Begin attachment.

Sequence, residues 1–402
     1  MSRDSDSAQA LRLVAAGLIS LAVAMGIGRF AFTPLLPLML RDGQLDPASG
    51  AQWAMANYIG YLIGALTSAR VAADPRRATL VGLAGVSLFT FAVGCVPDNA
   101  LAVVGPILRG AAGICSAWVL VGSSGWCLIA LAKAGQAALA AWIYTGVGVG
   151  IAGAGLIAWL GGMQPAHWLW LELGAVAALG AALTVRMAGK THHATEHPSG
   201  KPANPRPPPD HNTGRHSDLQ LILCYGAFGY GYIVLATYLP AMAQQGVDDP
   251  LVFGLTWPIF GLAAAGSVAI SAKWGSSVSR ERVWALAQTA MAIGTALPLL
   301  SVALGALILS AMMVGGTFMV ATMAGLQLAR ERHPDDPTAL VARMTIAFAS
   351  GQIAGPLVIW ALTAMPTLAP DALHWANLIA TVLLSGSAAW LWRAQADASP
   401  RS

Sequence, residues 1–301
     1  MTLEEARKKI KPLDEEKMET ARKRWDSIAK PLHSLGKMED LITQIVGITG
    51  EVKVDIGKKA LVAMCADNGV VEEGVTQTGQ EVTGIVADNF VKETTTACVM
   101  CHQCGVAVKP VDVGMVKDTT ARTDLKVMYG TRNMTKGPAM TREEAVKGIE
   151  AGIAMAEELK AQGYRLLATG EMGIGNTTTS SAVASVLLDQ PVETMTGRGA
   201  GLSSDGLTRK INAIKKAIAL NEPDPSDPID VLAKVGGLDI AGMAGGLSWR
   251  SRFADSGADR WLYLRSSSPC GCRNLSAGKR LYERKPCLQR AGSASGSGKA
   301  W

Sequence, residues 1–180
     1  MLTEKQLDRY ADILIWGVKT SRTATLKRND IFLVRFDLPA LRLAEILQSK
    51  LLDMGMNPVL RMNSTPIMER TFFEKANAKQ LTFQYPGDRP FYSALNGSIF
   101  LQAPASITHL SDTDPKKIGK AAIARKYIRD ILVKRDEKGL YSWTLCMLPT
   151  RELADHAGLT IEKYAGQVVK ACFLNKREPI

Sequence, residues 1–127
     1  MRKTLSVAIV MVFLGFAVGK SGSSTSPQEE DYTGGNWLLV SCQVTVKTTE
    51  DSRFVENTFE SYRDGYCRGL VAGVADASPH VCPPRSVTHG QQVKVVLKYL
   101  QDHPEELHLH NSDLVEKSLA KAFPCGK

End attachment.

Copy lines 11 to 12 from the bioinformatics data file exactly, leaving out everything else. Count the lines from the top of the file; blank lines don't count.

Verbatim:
Sequence, residues 1–301
     1  MTLEEARKKI KPLDEEKMET ARKRWDSIAK PLHSLGKMED LITQIVGITG